Exm=ωμkzJn(ktρ)ejnφejkzz,
(5a)
Eym=0,
(5b)
Ezm=ωμ[jxρktJn+1(ktρ)jx+yρ2nJn(ktρ)]ejnφejkzz,
(5c)
Hxm={[2xy+jx2jy2ρ4(n2n)xyρ2kt2]Jn(ktρ)+jny2jnx2+2xyρ3ktJn+1(ktρ)}ejnφejkzz,
(5d)
Hym={[y2x2+j2xyρ4(n2n)+k2x2+kz2y2ρ2]Jn(ktρ)+y2x2j2nxyρ3ktJn+1(ktρ)}ejnφejkzz,
(5e)
Hzm=kz[nxjyρ2Jn(ktρ)+jktyρJn+1(ktρ)]ejnφejkzz.
(5f)

By setting n = 0, we obtain the lowest-order linearly polarized Bessel beams, and the expressions of the fields are accordance with the one presented in [23

23. Z. Bouchal and M. Olivík, “Non-diffractive vector Bessel beams,” J. Mod. Opt. 42(8), 1555–1566 (1995). [CrossRef]

], section 2 example 4.

Using the above equations, the time averaged energy density <Wm> and Poynting vector <Sm> can be expressed as
<wm>=14μ0{[k2kz2+(k2+kz2)n2+k4x2+kz4y2ρ2+2n2n+kz2y2k2x2ρ4(n2n)]Jn2+n2+1+k2x2+kz2y2ρ2kt2Jn+12+2(1n)kz2y2(1+n)k2x2n(n1)2ρ3ktJnJn+1},
(6)
<Sxm>=ωμ[yn(n2n+k2x2+kz2y2)ρ4Jn22x2ykt(2n2n)ρ5JnJn+1+2x2ynkt2ρ4Jn+12],
(7a)
<Sym>=ωμ[xnkt2y2n2+nρ4Jn2x(x2y2)nkt2ρ4Jn+12kz2nxρ2Jn2+x(2n2n)x2(2n2+n)y2ρ5ktJnJn+1],
(7b)
<Szm>=ωμkz[y2x2ρ4(n2n)Jn2+k2x2+kz2y2ρ2Jn2+y2x2ρ3ktJnJn+1],
(7c)
where <> denotes time averaging.

It can be seen from Eqs. (6) and (7) that the time averaged energy density and Poynting vector remain unchanged in any plane perpendicular to the propagation axis (i.e. z-axis). This is the characteristic of the so-called “non-diffracting Bessel beams”. As is obvious, all the transverse components of the time averaged Poynting vector are zero for lowest-order linearly polarized Bessel beams.

Circular polarization states can be constructed by superposing two orthogonal linear polarizations with quadrature phase and equal magnitude. The circularly polarized Bessel beams can be obtained by choosing

m=m(x^+jy^)=Jn(ktρ)ejnφejkzz(x^+jy^).
(8)

The substitution of Eq. (8) into Eq. (2b) results in the electric and magnetic components of circularly polarized Bessel beams.

Exm=jωμkzJn(ktρ)ejnφejkzz,
(9a)
Eym=ωμkzJn(ktρ)ejnφejkzz,
(9b)
Ezm=ωμktJn+1(ktρ)x+jyρejnφejkzz,
(9c)
Hxm=[kz2x2+k2y2jkt2xyρ2Jn(ktρ)+(n+1)x2y2+j2xyρ3ktJn+1(ktρ)]ejnφejkzz,
(9d)
Hym=[jk2x2+jkz2y2kt2xyρ2Jn(ktρ)+(n+1)jy2jx2+2xyρ3ktJn+1(ktρ)]ejnφejkzz,
(9e)
Hzm=kzktjxyρJn+1(ktρ)ejnφejkzz.
(9f)

Setting n = 0 gives rise to the lowest-order circularly polarized Bessel beams. The one as stated in [23

23. Z. Bouchal and M. Olivík, “Non-diffractive vector Bessel beams,” J. Mod. Opt. 42(8), 1555–1566 (1995). [CrossRef]

], section 2 example 3, corresponds to n = 1 in Eqs. (9) in this paper.

The time averaged energy density <Wm> and Poynting vector <Sm> are given by Eqs. (10) and (11), respectively.

<wm>=14μ0[(k2+kz2)2Jn2+kt2(k2+kz2)Jn+12+2kt2(n+1)2ρ2Jn+122kt3(n+1)ρJnJn+1],
(10)
<Sxm>=ωμkt[2yρkz2JnJn+1+yktρ2(n+1)Jn+12],
(11a)
<Sym>=ωμkt[2xρkz2JnJn+1+xktρ2(n+1)Jn+12],
(11b)
<Szm>=ωμkz(k2+kz2)Jn2.
(11c)

In contrast with the linearly polarized Bessel beam, both the transverse and the longitudinal components of the time averaged Poynting vector exist even for the lowest-order circularly polarized Bessel beams.

3. Discussions

In this section, by choosing m=my^ and m=m(x^+jy^), linearly and circularly polarized Bessel beams with different parameters are discussed in detail, including the order of Bessel function n and the ratio of wave number over its transverse component k/kt. The polarization patterns as well as the electric and magnetic fields distributions are displayed. Magnitude profiles for the time averaged energy density and Poynting vector are also plotted. Computed results demonstrate significant differences for these beams with different parameters, especially for the cases where k/kt approximately equals to one and largely exceeds it, which leading to the nonparaxial and paraxial condition, respectively.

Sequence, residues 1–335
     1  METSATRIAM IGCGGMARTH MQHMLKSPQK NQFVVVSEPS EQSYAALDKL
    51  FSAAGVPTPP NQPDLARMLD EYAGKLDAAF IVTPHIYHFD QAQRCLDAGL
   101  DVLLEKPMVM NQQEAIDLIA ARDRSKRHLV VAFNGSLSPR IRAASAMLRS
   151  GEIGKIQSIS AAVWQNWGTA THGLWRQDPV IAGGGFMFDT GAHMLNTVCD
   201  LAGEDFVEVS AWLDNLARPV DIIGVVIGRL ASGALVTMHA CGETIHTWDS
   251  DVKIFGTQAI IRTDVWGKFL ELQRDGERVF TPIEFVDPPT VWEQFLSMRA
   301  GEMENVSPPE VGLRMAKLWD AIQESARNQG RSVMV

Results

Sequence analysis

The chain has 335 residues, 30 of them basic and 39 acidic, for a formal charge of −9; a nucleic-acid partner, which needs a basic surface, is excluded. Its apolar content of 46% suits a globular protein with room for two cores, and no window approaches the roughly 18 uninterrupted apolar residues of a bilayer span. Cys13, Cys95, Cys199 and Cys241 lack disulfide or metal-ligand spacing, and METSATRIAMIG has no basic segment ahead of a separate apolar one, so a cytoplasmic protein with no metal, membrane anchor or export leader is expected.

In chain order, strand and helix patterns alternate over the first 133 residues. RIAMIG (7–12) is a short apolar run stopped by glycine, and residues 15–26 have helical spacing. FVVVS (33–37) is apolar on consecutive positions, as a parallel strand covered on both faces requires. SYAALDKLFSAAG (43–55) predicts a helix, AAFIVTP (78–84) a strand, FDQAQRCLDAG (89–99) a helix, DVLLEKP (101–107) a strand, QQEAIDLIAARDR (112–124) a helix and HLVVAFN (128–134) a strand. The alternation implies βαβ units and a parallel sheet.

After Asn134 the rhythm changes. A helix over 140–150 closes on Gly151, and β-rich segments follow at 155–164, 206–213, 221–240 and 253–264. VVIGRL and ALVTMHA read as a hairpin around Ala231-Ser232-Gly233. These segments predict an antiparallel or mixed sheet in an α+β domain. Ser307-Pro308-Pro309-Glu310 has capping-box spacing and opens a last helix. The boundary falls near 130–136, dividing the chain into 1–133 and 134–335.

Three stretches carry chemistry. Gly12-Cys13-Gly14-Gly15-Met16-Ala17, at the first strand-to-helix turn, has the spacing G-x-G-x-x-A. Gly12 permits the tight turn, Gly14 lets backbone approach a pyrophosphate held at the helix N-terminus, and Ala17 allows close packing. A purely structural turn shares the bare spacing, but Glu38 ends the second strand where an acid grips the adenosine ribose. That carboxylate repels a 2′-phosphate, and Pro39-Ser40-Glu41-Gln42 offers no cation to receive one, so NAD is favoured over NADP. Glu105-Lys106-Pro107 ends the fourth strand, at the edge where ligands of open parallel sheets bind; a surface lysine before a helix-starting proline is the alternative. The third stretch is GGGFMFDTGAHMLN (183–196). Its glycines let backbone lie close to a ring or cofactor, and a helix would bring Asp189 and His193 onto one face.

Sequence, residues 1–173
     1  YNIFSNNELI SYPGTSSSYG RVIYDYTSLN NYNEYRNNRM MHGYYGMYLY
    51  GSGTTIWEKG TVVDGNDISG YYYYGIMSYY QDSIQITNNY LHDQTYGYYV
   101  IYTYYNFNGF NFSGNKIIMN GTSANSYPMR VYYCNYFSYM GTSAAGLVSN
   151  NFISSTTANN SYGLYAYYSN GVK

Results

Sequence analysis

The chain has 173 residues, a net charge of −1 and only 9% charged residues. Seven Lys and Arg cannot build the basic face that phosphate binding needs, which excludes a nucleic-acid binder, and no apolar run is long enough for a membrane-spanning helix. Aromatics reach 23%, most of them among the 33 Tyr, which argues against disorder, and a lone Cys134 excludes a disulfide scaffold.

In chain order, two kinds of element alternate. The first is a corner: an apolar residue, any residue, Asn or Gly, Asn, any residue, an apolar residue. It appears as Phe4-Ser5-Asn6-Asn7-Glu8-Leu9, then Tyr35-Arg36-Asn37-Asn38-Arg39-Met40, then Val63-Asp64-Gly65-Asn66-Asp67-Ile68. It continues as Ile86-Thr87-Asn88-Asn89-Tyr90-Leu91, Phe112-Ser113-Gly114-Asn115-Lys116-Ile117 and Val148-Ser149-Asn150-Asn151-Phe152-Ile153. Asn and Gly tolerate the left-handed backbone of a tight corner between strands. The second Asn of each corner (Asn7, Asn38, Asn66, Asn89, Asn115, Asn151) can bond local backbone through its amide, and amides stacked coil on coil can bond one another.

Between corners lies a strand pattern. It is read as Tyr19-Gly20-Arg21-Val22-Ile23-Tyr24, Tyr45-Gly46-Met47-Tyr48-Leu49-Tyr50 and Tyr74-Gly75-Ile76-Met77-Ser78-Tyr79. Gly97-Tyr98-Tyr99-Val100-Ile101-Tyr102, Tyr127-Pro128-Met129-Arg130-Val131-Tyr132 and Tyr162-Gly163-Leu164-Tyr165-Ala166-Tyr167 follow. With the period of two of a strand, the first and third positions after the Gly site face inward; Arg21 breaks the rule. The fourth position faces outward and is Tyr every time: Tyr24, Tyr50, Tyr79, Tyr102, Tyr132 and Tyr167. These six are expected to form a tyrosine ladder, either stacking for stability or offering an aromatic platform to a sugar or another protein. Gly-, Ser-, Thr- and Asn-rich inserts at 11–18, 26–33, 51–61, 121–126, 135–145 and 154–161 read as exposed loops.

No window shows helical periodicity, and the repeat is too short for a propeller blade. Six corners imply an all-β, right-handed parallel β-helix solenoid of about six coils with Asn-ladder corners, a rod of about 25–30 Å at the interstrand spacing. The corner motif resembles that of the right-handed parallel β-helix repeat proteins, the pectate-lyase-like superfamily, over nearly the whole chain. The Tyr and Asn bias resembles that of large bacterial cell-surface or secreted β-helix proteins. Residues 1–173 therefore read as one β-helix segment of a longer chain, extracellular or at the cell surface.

3.1 Polarization properties

The magnitude profiles and vector diagrams of the transverse components of the electric fields for linearly polarized and circularly polarized Bessel beams with different orders n are illustrated in Figs. 1
Fig. 1 Magnitude profiles and vector diagrams of the transverse components of the electric fields associated with linearly polarized n-order Bessel beams at three different instants: t = 0T, t = 0.25T, and t = 0.5T, respectively. (a)-(c) n = 1. (d)-(f) n = 2. Length scales in units of λ.
and 2
Fig. 2 Magnitude profiles and vector diagrams of the transverse components of the electric fields associated with circularly polarized n-order Bessel beams at three different instants: t = 0T, t = 0.125T, and t = 0.25T, respectively. (a)-(c) n = 0. (d)-(f) n = 1. Length scales in units of λ.
, respectively. For linearly polarized Bessel beams with any order n, the field orientation remains constant at each point while its magnitude oscillates in time. For circularly polarized Bessel beams, the rotations in time of the transverse electric field vector become apparent, and it is interesting to point out that the transverse components of the electric fields at any point are in the same or opposite directions only if n = 0.

3.2 The electric and magnetic components

In this subsection, the electric and magnetic fields distributions of vector Bessel beams, associated with different parameters k/kt, are compared and discussed.

As illustrated in Figs. 3
Fig. 3 Amplitude of the transverse and longitudinal components of the electric and magnetic fields, respectively, associated with linearly polarized n-order Bessel beam with parameters n = 0 and k/kt ≈7.84, corresponding to the paraxial condition. Length scales in units of λ.